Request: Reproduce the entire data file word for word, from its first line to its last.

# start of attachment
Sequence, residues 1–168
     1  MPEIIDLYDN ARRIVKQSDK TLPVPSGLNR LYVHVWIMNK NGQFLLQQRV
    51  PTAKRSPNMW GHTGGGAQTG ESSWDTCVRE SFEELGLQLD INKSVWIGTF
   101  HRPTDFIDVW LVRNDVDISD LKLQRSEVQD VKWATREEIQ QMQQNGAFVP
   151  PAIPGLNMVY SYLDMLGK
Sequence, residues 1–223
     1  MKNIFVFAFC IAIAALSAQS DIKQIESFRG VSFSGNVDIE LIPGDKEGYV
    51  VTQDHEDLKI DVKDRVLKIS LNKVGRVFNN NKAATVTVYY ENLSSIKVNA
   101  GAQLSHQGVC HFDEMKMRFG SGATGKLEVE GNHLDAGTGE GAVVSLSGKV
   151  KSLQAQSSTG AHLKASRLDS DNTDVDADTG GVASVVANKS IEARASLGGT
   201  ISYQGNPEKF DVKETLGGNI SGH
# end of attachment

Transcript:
Sequence, residues 1–168
     1  MPEIIDLYDN ARRIVKQSDK TLPVPSGLNR LYVHVWIMNK NGQFLLQQRV
    51  PTAKRSPNMW GHTGGGAQTG ESSWDTCVRE SFEELGLQLD INKSVWIGTF
   101  HRPTDFIDVW LVRNDVDISD LKLQRSEVQD VKWATREEIQ QMQQNGAFVP
   151  PAIPGLNMVY SYLDMLGK
Sequence, residues 1–223
     1  MKNIFVFAFC IAIAALSAQS DIKQIESFRG VSFSGNVDIE LIPGDKEGYV
    51  VTQDHEDLKI DVKDRVLKIS LNKVGRVFNN NKAATVTVYY ENLSSIKVNA
   101  GAQLSHQGVC HFDEMKMRFG SGATGKLEVE GNHLDAGTGE GAVVSLSGKV
   151  KSLQAQSSTG AHLKASRLDS DNTDVDADTG GVASVVANKS IEARASLGGT
   201  ISYQGNPEKF DVKETLGGNI SGH